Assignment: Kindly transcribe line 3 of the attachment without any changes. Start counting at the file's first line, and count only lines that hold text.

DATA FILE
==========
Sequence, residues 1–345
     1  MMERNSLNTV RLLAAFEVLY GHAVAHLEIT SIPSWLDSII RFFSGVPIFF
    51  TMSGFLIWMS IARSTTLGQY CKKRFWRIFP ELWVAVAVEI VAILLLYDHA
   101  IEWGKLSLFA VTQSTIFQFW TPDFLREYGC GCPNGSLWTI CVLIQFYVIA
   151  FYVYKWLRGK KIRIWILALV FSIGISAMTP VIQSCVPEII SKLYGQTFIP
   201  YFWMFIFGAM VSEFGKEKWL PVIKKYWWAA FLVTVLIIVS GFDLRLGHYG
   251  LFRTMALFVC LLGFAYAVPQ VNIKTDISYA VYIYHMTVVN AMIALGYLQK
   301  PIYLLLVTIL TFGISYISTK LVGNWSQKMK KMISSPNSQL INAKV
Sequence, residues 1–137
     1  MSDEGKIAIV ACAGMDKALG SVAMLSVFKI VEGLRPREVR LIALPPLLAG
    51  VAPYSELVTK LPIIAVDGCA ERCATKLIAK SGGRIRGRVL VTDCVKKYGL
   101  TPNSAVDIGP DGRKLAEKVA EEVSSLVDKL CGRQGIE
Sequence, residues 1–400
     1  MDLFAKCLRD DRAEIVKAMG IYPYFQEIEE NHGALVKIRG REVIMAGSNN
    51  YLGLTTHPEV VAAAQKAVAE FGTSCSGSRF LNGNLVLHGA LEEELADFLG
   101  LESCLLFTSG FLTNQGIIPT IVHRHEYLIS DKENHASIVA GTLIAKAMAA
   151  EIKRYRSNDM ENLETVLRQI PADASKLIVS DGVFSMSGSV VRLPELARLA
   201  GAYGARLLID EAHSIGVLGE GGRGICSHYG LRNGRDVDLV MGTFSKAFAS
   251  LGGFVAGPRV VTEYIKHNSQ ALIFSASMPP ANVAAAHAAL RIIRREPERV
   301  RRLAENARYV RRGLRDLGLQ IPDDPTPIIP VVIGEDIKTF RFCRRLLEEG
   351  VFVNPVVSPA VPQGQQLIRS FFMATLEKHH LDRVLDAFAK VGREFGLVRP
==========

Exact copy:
    51  TMSGFLIWMS IARSTTLGQY CKKRFWRIFP ELWVAVAVEI VAILLLYDHA